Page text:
Fred Tillock, who owned a wholesale grocery in Kent Street Sydney owned Silver Ghost 50NA which was originally fitted with a touring body and was used by the then Prince of Wales, the late Duke of Windsor, during his visit to Sydney in 1921. In 1927, Fred Tillock had Jackson Jones and Collins remove the touring body and fit a five seater saloon body.

With the introduction of the Phantom I, Jackson Jones and Collins continued to prosper with a large order book.

On Phantom I chassis 10ZMC they built a Californian top body for Mr Frank Albert of King St Sydney. During the depression of the '30s, the car was stored, unfortunately without anyone bothering to turn the engine over. When taken out of storage in 1936 the engine was found to be seized and had to be rebored as the cylinders were pitted and rusty. It was then fitted with a saloon body by Martin and King in Melbourne before being returned to Sydney for Mr Albert's use.

Phantom I 75MC also had an unfortunate career. Jackson Jones and Collins built a seven passenger saloon body on the chassis for a Mr J. Campbell. In 1930 the car was in collision with a tram and was severely damaged. The wreck was bought by Wood Coffill, an undertaker, who rebuilt it into a hearse. It was sold again after the war, but I have now lost track of its whereabouts.

For Phantom I 109MC Jackson Jones and Collins built a seven passenger body, the owner Roy Quigley using the chassis with a couple of bucket seats fitted while the body was being built. It was later sold to Mr L. Sprowle and is still in the Sprowle family.

Phantom I 29EF highlighted the quality of the workmanship of Jackson Jones and Collins. The chassis was originally fitted with a saloon body built by A.A. Atate for Dalgety and Company, but they found they could not sell it. The car was given to Jackson Jones and Collins who removed the offending body and built a seven passenger saloon body. The car was then bought by Dr H. R. Arnott who traded in Silver Ghost 62LK to complete the deal.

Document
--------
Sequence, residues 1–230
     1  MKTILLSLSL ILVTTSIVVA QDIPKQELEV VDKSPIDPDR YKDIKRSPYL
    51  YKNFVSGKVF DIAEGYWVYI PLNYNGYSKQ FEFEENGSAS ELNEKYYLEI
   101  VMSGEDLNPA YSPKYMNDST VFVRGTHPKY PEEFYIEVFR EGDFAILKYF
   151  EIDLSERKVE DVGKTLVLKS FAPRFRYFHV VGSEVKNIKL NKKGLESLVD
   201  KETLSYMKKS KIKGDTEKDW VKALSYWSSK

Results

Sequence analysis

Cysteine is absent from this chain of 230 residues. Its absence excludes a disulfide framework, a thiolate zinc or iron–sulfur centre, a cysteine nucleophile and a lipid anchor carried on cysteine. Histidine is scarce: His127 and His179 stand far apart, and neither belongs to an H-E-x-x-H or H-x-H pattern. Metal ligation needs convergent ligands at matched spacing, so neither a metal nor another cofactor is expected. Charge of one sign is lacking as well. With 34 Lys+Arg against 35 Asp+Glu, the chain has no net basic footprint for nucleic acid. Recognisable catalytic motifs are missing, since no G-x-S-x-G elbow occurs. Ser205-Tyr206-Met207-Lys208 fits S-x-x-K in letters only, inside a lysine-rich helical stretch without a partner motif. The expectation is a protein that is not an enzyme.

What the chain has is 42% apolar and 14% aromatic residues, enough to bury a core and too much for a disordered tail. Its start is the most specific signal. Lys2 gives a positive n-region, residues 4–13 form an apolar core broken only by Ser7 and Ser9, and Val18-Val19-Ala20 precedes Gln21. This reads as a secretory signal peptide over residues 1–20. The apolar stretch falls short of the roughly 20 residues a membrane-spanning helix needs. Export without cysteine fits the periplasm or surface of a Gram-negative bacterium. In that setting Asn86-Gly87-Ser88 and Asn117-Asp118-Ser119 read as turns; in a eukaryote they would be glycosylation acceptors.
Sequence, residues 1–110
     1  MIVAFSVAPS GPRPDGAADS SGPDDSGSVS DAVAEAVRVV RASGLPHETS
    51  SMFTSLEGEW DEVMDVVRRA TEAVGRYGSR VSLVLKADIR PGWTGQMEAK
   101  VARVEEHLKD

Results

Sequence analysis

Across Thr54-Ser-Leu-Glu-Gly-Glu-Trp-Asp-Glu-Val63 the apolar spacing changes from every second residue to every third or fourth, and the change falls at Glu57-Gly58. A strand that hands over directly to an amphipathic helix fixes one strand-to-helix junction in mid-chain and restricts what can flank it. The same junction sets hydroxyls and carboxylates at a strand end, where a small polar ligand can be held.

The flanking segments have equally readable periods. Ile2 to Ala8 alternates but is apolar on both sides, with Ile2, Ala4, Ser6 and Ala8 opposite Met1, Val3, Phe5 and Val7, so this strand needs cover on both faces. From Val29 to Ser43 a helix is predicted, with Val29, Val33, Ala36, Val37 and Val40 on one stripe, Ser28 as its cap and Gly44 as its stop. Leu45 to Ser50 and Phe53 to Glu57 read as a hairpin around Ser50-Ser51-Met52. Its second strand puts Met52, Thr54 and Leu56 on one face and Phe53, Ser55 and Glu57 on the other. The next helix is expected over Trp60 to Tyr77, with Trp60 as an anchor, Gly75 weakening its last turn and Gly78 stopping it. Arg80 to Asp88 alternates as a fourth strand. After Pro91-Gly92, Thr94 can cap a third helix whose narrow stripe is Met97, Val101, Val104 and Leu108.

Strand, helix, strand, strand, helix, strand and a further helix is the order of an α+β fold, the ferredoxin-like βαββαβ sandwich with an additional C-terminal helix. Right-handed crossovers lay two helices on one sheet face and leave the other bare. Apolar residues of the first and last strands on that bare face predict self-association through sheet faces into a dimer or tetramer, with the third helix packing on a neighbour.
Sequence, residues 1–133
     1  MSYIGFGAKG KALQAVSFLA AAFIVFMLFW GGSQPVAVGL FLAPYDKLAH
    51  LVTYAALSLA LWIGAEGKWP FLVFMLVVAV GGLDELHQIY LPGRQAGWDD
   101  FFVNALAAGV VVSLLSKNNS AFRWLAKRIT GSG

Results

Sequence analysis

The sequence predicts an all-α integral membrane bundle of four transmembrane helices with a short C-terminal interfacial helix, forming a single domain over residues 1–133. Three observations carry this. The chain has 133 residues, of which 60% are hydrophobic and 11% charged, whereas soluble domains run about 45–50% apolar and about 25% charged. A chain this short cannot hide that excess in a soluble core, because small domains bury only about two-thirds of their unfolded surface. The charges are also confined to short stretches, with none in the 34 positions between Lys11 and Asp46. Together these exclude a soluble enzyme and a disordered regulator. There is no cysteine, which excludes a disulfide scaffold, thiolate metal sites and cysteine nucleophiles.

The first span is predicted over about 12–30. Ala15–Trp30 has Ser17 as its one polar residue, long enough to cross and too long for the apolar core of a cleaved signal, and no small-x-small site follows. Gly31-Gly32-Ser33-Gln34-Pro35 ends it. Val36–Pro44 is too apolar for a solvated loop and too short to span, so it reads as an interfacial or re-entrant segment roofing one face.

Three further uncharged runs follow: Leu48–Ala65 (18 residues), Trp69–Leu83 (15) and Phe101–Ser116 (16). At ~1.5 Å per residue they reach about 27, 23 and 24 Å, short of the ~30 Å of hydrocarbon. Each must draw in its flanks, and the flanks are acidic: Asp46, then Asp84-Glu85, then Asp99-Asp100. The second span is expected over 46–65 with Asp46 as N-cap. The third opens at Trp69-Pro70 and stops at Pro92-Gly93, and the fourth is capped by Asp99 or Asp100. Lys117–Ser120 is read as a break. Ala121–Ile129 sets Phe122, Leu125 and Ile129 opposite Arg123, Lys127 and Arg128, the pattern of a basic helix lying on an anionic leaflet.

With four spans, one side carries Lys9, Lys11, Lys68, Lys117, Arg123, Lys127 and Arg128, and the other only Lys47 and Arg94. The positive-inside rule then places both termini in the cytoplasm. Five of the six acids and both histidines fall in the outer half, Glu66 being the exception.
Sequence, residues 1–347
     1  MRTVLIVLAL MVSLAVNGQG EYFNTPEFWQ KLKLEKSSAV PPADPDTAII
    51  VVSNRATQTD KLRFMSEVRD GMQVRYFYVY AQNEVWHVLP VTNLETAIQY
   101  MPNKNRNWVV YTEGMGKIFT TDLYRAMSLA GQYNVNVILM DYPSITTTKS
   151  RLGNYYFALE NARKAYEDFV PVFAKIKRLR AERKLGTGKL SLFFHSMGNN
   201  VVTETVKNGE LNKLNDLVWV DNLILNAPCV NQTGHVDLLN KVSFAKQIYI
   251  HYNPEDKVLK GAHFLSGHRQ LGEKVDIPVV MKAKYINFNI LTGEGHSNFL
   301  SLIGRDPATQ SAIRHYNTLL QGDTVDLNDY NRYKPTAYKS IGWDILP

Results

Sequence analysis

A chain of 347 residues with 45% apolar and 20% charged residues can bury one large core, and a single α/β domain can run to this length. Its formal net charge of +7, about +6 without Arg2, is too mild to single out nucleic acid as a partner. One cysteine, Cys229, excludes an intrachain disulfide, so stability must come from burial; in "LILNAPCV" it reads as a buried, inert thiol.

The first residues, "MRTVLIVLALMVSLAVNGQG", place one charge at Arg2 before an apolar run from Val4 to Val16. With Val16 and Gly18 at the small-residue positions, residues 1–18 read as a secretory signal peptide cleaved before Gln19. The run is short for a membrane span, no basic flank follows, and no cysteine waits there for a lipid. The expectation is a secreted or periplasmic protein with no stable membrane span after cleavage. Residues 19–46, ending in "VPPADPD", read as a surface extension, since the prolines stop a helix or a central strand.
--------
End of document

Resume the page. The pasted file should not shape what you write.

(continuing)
Sir A. Howie ordered a Californian Top body for Phantom I chassis 57LF, but after driving it for only 1000 miles he decided he didn't like his first order. He instructed Jackson Jones and Collins to remove the body and build a five passenger saloon instead. The California top body was not destroyed and is now fitted to Phantom I chassis 30LC.

1928 saw Jackson Jones and Collins build a saloon body on Phantom I 85RF for W.E. Arnott and the following year another saloon body on Phantom I chassis 56KR for Mr G.R. Whittle.

MrA. Mallick imported a Phantom II chassis 120XJ which he sold to Captain J.R. Patrick of the Patrick Steamship Company who had Jackson Jones and Collins build a saloon body for it.

20/25 HP chassis GBA75 was imported by Appleby and Ward. Jackson Jones and Collins built a saloon body on it finished in white duco with grey upholstery which was delivered to Dr L. Utz in 1933. Meanwhile about this time, many owners were getting Jackson Jones and Collins to rebody their cars.

Mr J.L. Glick had the English touring body removed from Silver Ghost chassis 96NE and a five seater saloon body fitted in lieu.

In 1936 Mrs A. Mullins had the Smith and Waddington Californian Top body removed from her Silver Ghost 38MG and Jackson Jones and Collins refitted it with one of their saloon bodies.

Similarly, for Silver Ghost 30 KG, Mr A.P. Wade had the touring body removed and a saloon body fitted by Jackson Jones and Collins.

Finally, the original owner of Phantom I 96LC had the Smith and Waddington Touring body removed and instructed Jackson Jones and Collins to build a five seater saloon body for it.